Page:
Monday, February 06, 2012

[Sunlight] For lovers, advice is never useful -- Ghazal 532


Today, Sunlight presents Ghazal 532, in a poetic version from
Coleman Barks, and in literal translation from Ibrahim Gamard. Dr.
Gamard's translation is footnoted, and accompanied by a transliteration of the original Persian.


Each Note

Advice doesn't help lovers!
They're not the kind of mountain stream
you can build a dam across.

An intellectual doesn't know
what the drunk is feeling!

Don't try to figure
what those lost inside love
will do next!

Someone in charge would give up all his power,
if he caught one whiff of the wine-musk
from the room where the lovers
are doing who-knows-what!

One of them tries to dig a hole through a mountain.
One flees from academic honors.
One laughs at famous mustaches!

Life freezes if it doesn't get a taste
of this almond cake.
The stars come up spinning
every night, bewildered in love.
They'd grow tired
with that revolving, if they weren't.
They'd say,
"How long do we have to do this!"

God picks up the reed-flute world and blows.
Each note is a need coming through one of us,
a passion, a longing-pain.
Remember the lips
where the wind-breath originated,
and let your note be clear.
Don't try to end it.
Be your note.
I'll show you how it's enough.

Go up on the roof at night
in this city of the soul.

Let everyone climb on their roofs
and sing their notes!

Sing loud!

-- Version by Coleman Barks
"The Essential Rumi"
HarperSanFrancisco, 1995


For lovers, advice (from) anyone is never useful, (because) this
[love of theirs] is not like a flood which someone can block up.
An intellectual can never know the savor* (in) the mind of the
(mystic) "drunkard,"* (and) a sensible person can never know the
"senseless" state* of (such a) heart.
If kings were to catch a scent of those "wines" which lovers drink
during the meetings of hearts, they would become fed-up with
For the sake of (the beautiful) Sheereen, (King) Khosraw said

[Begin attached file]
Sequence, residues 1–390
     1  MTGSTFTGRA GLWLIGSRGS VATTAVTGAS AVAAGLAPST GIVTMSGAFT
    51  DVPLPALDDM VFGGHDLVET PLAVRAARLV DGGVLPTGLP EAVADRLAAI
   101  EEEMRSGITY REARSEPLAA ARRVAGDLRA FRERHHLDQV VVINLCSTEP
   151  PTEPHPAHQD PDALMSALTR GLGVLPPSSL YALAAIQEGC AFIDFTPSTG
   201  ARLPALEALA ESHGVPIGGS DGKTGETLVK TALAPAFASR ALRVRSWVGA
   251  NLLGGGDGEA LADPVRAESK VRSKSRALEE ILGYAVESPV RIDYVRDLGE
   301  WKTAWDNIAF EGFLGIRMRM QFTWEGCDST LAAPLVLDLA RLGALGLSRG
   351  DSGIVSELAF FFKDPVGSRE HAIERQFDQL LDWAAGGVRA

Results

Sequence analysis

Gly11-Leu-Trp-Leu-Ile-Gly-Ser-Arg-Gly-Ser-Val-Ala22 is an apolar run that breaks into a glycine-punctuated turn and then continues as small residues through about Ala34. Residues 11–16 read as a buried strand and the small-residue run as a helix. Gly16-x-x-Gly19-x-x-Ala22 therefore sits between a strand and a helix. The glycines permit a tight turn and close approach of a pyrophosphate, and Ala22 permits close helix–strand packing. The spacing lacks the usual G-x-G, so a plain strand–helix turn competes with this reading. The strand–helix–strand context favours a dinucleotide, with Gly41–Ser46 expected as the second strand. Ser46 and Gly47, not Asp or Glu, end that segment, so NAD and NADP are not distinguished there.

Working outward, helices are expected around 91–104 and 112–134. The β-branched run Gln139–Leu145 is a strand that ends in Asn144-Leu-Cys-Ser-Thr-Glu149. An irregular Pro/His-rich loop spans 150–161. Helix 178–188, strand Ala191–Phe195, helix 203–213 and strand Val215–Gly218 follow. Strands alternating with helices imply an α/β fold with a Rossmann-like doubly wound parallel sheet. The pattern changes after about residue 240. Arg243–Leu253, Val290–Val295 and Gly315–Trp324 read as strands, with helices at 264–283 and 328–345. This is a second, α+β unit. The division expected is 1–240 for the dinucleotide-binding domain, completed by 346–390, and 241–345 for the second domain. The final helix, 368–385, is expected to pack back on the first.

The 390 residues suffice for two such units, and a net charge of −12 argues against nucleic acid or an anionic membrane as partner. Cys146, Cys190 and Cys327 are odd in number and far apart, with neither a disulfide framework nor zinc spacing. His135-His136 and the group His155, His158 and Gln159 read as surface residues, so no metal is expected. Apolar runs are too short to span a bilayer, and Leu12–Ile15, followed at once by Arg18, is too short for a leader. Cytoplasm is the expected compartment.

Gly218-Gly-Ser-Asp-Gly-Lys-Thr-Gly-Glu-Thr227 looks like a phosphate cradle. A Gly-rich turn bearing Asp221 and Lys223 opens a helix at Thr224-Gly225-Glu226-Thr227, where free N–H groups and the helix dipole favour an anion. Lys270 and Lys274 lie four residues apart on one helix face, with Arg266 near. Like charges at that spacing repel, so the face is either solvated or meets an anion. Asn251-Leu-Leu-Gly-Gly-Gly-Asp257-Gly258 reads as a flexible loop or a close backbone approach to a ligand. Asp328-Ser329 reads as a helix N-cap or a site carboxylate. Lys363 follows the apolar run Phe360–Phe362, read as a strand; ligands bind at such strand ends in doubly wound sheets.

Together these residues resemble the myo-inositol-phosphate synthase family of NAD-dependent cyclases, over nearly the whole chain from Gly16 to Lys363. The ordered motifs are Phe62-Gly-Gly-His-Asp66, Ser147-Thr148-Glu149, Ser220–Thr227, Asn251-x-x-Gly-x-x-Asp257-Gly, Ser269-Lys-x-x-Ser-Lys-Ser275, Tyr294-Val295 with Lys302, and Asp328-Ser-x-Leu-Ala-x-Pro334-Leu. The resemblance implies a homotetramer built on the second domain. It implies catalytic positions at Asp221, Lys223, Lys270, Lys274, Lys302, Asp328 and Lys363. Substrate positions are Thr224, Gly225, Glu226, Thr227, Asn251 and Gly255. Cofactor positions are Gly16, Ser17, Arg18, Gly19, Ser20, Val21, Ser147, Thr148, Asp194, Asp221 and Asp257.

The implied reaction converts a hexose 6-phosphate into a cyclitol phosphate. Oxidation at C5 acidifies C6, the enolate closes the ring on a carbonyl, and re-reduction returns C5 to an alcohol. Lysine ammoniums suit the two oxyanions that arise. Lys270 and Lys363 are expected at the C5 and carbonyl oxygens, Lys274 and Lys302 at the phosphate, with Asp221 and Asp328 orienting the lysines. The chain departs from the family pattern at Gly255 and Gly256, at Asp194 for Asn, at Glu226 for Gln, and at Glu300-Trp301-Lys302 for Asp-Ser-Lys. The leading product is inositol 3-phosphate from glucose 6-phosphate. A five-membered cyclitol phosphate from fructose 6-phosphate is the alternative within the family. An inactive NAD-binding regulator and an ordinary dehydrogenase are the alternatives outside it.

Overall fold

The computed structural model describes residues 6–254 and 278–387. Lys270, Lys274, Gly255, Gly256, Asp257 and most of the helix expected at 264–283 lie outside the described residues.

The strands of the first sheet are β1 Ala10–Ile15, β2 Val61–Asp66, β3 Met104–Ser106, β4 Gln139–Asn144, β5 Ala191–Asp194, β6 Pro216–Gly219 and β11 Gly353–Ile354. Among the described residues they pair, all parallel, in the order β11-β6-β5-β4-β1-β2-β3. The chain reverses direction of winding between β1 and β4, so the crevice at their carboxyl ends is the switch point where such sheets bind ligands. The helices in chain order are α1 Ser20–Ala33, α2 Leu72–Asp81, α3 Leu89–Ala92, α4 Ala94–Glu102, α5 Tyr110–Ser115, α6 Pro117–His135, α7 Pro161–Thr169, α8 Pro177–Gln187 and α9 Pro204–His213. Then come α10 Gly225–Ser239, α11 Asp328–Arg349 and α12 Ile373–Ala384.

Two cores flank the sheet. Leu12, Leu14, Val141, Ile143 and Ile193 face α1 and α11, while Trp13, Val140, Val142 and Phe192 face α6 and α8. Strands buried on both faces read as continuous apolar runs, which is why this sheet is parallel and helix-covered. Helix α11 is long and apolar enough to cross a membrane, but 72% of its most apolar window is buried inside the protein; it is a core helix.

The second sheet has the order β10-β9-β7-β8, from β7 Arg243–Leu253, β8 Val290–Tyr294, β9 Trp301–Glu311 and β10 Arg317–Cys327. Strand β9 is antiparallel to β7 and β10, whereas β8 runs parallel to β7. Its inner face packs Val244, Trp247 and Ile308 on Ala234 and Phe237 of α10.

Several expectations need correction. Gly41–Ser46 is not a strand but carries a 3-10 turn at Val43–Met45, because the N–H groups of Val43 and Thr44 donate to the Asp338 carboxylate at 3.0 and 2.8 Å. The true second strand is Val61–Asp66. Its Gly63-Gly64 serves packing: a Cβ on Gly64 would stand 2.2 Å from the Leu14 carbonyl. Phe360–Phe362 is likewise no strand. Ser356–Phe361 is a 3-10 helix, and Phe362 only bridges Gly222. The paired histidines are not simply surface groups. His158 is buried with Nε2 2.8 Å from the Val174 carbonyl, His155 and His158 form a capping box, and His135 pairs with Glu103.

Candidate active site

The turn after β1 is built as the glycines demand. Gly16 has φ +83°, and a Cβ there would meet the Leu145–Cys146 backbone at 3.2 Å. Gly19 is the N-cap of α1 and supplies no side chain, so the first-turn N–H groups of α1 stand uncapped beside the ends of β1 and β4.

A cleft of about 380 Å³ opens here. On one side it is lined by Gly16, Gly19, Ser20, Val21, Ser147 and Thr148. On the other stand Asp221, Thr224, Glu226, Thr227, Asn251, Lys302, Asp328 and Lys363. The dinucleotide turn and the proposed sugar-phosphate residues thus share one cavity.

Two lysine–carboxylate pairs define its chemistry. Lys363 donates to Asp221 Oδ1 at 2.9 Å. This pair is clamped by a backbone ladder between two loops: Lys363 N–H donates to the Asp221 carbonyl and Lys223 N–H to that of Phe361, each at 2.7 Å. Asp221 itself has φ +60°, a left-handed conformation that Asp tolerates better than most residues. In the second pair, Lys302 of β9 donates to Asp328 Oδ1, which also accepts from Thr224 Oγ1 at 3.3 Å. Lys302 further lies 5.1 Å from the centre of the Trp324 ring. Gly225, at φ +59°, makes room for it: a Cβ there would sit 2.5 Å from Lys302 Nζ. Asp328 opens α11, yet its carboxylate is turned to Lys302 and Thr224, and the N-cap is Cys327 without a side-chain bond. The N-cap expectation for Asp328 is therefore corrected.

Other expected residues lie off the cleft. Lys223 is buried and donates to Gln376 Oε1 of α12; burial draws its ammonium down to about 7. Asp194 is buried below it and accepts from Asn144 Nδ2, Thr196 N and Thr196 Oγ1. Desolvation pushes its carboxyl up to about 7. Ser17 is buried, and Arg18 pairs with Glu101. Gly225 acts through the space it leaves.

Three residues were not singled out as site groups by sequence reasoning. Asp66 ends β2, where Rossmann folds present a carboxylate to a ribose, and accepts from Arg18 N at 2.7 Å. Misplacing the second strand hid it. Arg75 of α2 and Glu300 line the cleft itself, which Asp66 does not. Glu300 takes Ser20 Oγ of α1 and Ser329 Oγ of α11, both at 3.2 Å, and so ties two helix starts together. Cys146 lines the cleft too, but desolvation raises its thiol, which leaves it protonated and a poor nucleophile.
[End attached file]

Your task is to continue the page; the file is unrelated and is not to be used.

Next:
farewell to his kingdom, (and) Farhad* pounded a mountain with a
pick-ax for her sake as well.
From love of (his beloved) Layla, (the crazed lover) Majnoon*
fled the circle of intellectuals, (and the lover) Wamiq laughed at the
foolish pride* of every arrogant one.
That life (is) frozen which has passed without that sweet spirit [of
warm love]. (And) that brain (is) rotten which is ignorant of these
compliments* (of love).
If the sky were not bewildered and a lover like us, it would
become weary of revolving, (and) it would say, "It's enough for me!
How (much) longer?"
The world (is) like a reed-pipe, and He blows into its every hole;
every wail it has (is) certainly from those two lips like sugar.
See how He blows into every (piece of) clay* (and) into every
heart; He gives a need and He gives a love which raises up a lament
about misfortune.*
If you uproot the heart from God, tell (me) with whom will you
place it? Anyone who is able to tear (his) heart from Him for a
moment is without a soul!*
I'm stopping (now). Be nimble, and go up on top of the roof at
night. Make a happy uproar in the city with a loud voice, O soul!

-- From The Dîwân-é Kabîr (also known as "Kulliyat-é Shams" and
"Dîwân-é Shams-é Tabrîz") of Jalaluddin Rumi.
Translated from the Persian by Ibrahim Gamard, 10/24/98;
revised 1/3/00 (c)
Footnotes and transliteration (c) Ibrahim Gamard

*savor [Zawq]: a technical term in sufism meaning the "taste" of
mystical experience, often of a quality which cannot be described in